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Forty years ago in this journal, Jay Haley wrote an article entitled ‘‘How to Fail as a Psychotherapist." In his article, he outlined the "daily dozen" of what could be construed as sub-optimal psychotherapy practices (e.g., "Insist that the problem which brought the patient into therapy is not important"; "Insist that only years of therapy will re...
Article
Within the conceptual framework of the scientist-practitioner model, this paper describes how the science of risk assessment has progressed to a point where it can be of definite assistance to clinicians. Similarly, clinicians can be of marked help to researchers as they play a role in concept definition and as they design and carry out studies to...
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Best Practice in Managing Risk is a recent Department of Health publication which provides a framework for mental health professionals working with service users to assess risk. It underpins risk assessment with principles of good practice for all mental health settings and provides a list of guides offering structure to risk management. We conside...
Article
Although it is generally presumed that there will be an association between the levels of security at which clients are held in a forensic hospital and the formal ratings of violence risk ascribed to them, such a relationship is seldom demonstrated. One measure in this study was the security level of 218 inpatients held in a German forensic hospita...
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Schizophrenia is associated with an elevated risk for violence. The response has been to incarcerate people with schizophrenia and to increase the number of forensic beds. Most of these beds are filled by men with schizophrenic disorders with long histories of offending and of treatment in general psychiatry. Outcome from forensic, as compared to g...
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This article presents reasons for undertaking “The Comparative Study of the Prevention of Crime and Violence by Mentally Ill Persons” and reasons for decisions regarding the study design and choice of measures. A brief portrait of the forensic patients that have been recruited is also presented. Community treatment programs could offer long-term co...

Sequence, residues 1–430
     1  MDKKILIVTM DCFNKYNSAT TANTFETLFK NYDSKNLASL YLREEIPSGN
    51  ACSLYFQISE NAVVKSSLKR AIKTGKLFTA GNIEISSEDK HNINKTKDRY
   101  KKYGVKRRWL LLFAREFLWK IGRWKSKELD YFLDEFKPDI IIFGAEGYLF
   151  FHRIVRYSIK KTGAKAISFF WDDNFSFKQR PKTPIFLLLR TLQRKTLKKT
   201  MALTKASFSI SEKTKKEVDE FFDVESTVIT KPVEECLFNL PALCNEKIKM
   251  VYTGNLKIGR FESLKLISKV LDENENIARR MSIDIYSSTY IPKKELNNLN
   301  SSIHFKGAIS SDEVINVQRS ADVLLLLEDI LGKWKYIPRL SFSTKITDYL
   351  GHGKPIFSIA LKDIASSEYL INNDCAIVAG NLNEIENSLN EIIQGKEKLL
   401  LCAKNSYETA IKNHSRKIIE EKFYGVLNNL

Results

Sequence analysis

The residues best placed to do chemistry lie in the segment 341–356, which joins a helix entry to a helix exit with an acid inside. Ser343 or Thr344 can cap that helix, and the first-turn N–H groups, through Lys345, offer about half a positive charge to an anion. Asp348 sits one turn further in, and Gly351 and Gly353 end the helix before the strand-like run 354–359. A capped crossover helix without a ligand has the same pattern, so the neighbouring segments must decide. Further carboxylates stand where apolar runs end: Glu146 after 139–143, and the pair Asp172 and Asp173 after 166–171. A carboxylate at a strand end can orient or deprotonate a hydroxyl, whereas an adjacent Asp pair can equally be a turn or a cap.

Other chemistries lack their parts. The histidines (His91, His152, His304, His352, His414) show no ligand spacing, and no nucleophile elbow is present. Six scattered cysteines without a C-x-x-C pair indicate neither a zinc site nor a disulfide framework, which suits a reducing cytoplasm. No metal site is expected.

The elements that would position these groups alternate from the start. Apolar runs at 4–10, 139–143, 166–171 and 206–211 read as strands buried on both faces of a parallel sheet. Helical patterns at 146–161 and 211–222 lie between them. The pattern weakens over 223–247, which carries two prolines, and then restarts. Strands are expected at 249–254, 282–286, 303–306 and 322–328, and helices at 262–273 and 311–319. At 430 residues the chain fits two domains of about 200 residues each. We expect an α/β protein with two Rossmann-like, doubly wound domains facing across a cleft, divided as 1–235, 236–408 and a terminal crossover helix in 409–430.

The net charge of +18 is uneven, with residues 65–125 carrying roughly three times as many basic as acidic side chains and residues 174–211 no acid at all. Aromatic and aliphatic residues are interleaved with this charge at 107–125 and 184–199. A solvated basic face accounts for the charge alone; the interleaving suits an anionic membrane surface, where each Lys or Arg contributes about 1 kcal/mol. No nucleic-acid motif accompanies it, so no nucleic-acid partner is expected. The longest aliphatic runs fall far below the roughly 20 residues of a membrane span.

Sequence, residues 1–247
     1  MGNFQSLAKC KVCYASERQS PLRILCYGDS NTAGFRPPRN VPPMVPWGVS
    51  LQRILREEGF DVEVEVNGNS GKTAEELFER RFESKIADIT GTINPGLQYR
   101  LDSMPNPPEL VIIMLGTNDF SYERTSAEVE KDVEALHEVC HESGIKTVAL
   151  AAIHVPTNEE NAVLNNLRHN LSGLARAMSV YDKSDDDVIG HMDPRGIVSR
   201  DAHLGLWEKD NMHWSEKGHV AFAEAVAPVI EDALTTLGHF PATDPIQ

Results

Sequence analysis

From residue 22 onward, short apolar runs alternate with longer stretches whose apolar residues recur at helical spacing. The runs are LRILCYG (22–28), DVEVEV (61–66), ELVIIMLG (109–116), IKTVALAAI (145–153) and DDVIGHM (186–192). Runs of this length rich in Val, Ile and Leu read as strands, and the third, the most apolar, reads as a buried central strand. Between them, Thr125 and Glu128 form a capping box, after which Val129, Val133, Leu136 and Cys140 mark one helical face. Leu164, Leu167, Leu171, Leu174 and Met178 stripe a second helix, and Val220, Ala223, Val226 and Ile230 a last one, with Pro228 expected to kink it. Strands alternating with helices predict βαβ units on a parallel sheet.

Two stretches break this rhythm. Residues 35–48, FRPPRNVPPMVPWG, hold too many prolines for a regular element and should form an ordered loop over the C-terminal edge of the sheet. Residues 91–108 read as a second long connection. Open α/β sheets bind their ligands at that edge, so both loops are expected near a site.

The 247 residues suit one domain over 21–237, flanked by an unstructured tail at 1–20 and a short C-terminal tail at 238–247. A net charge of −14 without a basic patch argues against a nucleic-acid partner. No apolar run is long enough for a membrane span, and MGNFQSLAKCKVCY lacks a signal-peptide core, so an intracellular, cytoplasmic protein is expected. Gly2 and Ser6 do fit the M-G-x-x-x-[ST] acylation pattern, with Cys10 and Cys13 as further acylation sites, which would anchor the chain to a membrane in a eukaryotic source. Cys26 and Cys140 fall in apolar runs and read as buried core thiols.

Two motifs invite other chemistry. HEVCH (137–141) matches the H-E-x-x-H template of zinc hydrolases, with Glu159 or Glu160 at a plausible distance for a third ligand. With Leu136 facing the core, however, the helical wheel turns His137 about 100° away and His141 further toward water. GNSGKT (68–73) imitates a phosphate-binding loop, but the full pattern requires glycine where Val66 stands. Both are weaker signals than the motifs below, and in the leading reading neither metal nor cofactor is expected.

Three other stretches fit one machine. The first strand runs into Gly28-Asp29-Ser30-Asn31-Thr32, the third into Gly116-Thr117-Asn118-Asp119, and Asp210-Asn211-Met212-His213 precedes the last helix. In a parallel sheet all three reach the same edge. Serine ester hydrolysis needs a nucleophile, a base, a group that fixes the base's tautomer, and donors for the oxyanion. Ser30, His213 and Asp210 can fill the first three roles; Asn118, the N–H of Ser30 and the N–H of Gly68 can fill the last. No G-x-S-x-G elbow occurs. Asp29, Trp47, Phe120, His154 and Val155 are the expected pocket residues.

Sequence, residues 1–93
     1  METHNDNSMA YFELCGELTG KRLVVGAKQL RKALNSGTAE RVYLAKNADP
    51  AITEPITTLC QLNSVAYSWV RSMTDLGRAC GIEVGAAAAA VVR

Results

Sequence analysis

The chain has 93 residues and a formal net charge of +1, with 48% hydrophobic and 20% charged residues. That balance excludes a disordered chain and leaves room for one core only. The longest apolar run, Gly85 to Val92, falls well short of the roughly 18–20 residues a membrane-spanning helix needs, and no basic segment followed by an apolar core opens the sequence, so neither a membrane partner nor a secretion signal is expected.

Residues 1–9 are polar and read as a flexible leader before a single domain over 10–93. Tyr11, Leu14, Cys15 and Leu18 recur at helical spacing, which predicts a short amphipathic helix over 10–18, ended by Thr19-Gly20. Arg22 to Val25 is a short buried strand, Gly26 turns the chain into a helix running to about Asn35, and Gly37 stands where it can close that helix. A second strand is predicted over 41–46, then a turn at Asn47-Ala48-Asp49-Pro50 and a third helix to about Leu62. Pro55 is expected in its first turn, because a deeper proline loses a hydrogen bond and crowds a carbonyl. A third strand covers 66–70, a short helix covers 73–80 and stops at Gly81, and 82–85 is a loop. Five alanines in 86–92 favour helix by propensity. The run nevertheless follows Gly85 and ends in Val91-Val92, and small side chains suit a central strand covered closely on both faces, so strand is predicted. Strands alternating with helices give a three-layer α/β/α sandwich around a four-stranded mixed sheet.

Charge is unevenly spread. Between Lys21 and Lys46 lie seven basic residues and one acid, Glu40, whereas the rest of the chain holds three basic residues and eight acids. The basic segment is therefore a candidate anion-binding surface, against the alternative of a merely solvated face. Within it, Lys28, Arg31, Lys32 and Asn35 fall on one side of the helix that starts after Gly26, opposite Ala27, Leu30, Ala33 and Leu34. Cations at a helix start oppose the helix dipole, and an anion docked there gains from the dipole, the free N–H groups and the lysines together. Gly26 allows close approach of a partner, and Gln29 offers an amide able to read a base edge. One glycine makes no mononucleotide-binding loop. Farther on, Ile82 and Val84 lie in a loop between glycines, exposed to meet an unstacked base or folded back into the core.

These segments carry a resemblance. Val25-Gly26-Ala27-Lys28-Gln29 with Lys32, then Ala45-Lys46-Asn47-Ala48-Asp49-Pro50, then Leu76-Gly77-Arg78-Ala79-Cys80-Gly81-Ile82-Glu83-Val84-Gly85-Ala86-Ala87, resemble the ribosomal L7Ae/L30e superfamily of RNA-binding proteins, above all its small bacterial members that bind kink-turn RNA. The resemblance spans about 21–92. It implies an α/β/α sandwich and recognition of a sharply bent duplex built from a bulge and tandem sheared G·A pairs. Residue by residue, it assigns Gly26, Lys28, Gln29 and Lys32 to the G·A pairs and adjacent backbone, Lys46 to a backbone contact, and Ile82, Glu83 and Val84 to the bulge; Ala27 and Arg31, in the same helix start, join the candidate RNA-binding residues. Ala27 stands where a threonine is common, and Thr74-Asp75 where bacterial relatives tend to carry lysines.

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The Short-Term Assessment of Risk and Treatability (START) is a new structured professional judgment scheme intended to inform multiple risk domains relevant to everyday psychiatric clinical practice (e.g. risk to others, suicide, self-harm, self-neglect, substance abuse, unauthorized leave, and victimization). The article describes the processes i...
Article
A new assessment scheme--the Short-Term Assessment of Risk and Treatability (START)--presents a workable method for assessing risks to self and others encountered in mentally and personality disordered clients. This study aimed to demonstrate (a) prevalence and severity of risk behaviors measured by the START, (b) psychometric properties of START,...
Article
Numerous studies have identified various historical factors strongly associated with violent behaviour in psychiatric patients. We comment herein on some practical reasons for difficulty in obtaining the background documentation necessary for risk assessment.
Article
Over the past quarter-century, Canadian researchers, clinical practitioners, and policy specialists have made several notable contributions to the broad field of violence risk assessment and management. In part, these contributions have been fostered by major changes in law over this period; in part, they have been spurred by findings from large-sc...
Article
Purpose of review: The identification of those who may be at increased risk of exhibiting violence is one of the highest-profile tasks of mental health professionals. Risk assessment is a rapidly developing field, and a number of instruments have been proposed for facilitating this task. Recent findings: This article summarizes the main development...
Article
The HCR-20 has gained considerable acceptance by mental health, forensic, and criminal justice professionals since its initial publication only seven and a half years ago. Scientific evidence has gradually accrued to show that the guide can be used reliably and validly. Yet the scheme is sometimes misapplied. It is important that HCR-20 item defini...
Article
Much energy has been expended over recent years in debating the relative merits of actuarial versus clinical approaches to violence risk prediction. Although it has gradually become apparent that scores based on more or less static factors obtainable from the record do indeed associate with outcome violence over years of follow-up, there is no reas...
Article
In this chapter, the authors focus on risk assessment as it relates to violence. The authors begin with a brief examination of some conceptual issues surrounding the study of violence and its prevalence in Canadian society. Next, a review of a few of the junctures within the Canadian legal context where risk assessments occur and some of the method...
Article
The wide majority of formally published research studies in child and youth care depend upon carefully defined behaviour and generally accepted statistical procedures. There can be no quarrel with this approach. Yet when data are extracted from files retrospectively it can be surprisingly difficult to achieve good inter-coder agreement. And even wh...
Article